Page 1 of 2 12 LastLast
Results 1 to 10 of 14

Thread: Keum Boo and burnising marks showing up on photos

  1. #1
    Join Date
    Apr 2021
    Posts
    9

    Default Keum Boo and burnising marks showing up on photos

    Hi there! I use 24 carat gold on silver and burnish it with an agate burnisher. To the naked eye, you don't notice the burnishing marks.

    However, when it is photographed on white background as a cut-out under lots of lights, the burnishing lines are picked up and reflect the light differently.

    Am I pressing too hard with the burnisher? Can the lines be removed with pumice powder? Hot pickle has not removed them.

    I was thinking about putting the pieces into the polishing barrel to burnish the whole textured surface. Is this ok?


    What is the rule with keum boo pieces into the tumbling barrel?

    Or should I be polishing the lines out with my flex shaft? Many thanks!!

  2. #2
    Join Date
    Feb 2011
    Location
    Scotland
    Posts
    3,015

    Default

    Can’t answer on the tumblers but you could try a metal burnisher. It depends what the piece is but my metal one is finer and smoother than the agate. If I remember you are also supposed to give it a very light sand but that depends on the thickness you’ve put on and how well it has taken. I’ve never had burnishing lines but then sometimes I overlay to get the effect I want

  3. #3
    Join Date
    Dec 2009
    Location
    Central London
    Posts
    8,293

    Default

    Andrea, in keum boo the burnishing lines will show in photographs, although they can be modified by the type of burnisher used, as Caroline has said, and the length and direction of the strokes.

    You can also distract from them by having a texture underneath.

    If you want a more even effect, get a gold plating pen. Welcome to the forum. Dennis.
    Last edited by Dennis; 28-04-2021 at 08:09 PM.

  4. #4
    Join Date
    Apr 2021
    Posts
    9

    Default

    Thank you for your replies! I will check out different burnishers, and look at the gold plating pens


  5. #5
    Join Date
    Dec 2014
    Location
    South Australia
    Posts
    1,520

    Default

    Keum Boo it a art in itself although I was taught years ago by a Korean Master in Korea, I am only just starting to make use of the skills, (learning again) first off don't make the mistake of using gold leaf, you need gold foil which is thicker, plus the temperature needs to be just right it then blends onto the Silver correctly, I use a highly polished steel burnisher, I have not noticed any burnishing marks so far, but then most of what I have completed is textured, I will have ago at some smooth items and see what transpires.
    I would be wary about putting it in a tumbler.

  6. #6
    Join Date
    Feb 2011
    Location
    Scotland
    Posts
    3,015

    Default

    It’s definitely an art Bob and plating would remove that particular process. It’s really challenging but then I don’t have a hot plate and either use a plate on the gas hob with all the problems of a draught taking the gold off somewhere or I heat gently over my micro torch judging where I am heat wise before adding the gold
    I bought a couple of agate burnishers when I started but find them unwieldy and always too big. I’ve got a much better finish with my steel jewellers burnisher that I’ve had for 40odd years. If I’m burnishing within a dome then I use a doming punch or a chasing tool. Never going to be a Korean master but my customers like what I do with it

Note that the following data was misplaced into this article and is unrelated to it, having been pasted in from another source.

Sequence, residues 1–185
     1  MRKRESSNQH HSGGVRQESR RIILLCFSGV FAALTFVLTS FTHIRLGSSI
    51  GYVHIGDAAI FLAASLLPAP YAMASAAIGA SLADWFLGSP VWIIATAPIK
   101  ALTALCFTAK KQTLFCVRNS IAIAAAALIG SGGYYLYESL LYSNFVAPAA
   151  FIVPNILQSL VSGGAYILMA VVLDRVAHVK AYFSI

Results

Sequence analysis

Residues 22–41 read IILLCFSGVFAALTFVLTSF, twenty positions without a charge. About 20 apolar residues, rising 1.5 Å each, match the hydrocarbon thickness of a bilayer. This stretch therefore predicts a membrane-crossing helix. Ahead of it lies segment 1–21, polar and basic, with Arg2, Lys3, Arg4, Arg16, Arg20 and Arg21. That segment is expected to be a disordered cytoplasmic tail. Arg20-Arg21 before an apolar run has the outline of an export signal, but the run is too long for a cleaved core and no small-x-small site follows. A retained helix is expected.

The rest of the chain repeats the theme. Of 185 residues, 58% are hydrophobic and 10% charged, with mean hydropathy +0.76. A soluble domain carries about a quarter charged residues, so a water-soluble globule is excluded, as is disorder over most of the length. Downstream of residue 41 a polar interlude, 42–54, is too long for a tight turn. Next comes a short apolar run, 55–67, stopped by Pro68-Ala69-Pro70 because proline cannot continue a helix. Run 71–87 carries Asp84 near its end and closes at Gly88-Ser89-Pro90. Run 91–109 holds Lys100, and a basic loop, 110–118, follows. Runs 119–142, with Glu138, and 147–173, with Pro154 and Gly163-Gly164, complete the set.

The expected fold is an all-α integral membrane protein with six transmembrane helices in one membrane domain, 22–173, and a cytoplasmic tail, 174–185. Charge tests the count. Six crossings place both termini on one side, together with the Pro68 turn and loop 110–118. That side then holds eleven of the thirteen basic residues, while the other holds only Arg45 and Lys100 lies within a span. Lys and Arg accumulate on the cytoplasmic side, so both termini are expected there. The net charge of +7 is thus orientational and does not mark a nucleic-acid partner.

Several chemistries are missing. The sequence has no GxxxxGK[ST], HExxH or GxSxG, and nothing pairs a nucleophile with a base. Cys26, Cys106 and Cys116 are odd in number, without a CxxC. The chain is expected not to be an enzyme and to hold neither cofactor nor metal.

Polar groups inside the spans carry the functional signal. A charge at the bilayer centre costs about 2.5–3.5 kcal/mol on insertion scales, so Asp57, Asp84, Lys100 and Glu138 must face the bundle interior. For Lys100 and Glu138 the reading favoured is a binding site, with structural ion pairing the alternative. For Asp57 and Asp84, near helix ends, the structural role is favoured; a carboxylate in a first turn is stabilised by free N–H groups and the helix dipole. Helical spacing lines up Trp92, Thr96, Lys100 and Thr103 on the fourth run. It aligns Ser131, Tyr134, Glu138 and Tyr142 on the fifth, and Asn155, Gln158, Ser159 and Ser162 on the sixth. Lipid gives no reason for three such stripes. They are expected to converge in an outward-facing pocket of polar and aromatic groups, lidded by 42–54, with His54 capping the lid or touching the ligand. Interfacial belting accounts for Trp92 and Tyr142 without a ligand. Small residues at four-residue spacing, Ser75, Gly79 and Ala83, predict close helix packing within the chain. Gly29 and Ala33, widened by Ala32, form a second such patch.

7. #7
    Join Date
    Dec 2014
    Location
    South Australia
    Posts
    1,520

    Default

    Yes the person I learnt from in Korea was up in mountains somewhere he was 92 years old and fitter than most 20 year olds his heat source was a flat rock heated in the fire, I was there for a TKD tournament ( yeh I used to be fit ) and my friend knew I had a interest in Jewellery and she took me to meat him. One thing I seem to be finding is Argentium does not like it, ( or I maybe I am doing it wrong ) seems to disappear into the surface.

  8. #8
    Join Date
    Feb 2011
    Location
    Scotland
    Posts
    3,015

    Default

    Quote Originally Posted by china View Post
    Yes the person I learnt from in Korea was up in mountains somewhere he was 92 years old and fitter than most 20 year olds his heat source was a flat rock heated in the fire, I was there for a TKD tournament ( yeh I used to be fit ) and my friend knew I had a interest in Jewellery and she took me to meat him. One thing I seem to be finding is Argentium does not like it, ( or I maybe I am doing it wrong ) seems to disappear into the surface.
    I had very precise designs in mind and they went out the window almost literally quite quickly! When I started looking at the work of the masters I knew then I’d never get anywhere near so I do my interpretation

  9. #9
    Join Date
    Nov 2017
    Posts
    830

    Default

    Quote Originally Posted by Dennis View Post
    Andrea, in keum boo the burnishing lines will show in photographs, although they can be modified by the type of burnisher used, as Caroline has said, and the length and direction of the strokes.

    You can also distract from them by having a texture underneath.

    If you want a more even effect, get a gold plating pen. Welcome to the forum. Dennis.
    Aren't gold plating pens really expensive?

  10. #10
    Join Date
    Dec 2009
    Location
    Central London
    Posts
    8,293

    Default

    Quote Originally Posted by Sheen View Post
    Aren't gold plating pens really expensive?
    https://www.goldn.co.uk/product/batt...d-plating-pen/. Dennis.

Tags for this Thread

Bookmarks

Posting Permissions

  • You may not post new threads
  • You may not post replies
  • You may not post attachments
  • You may not edit your posts
  •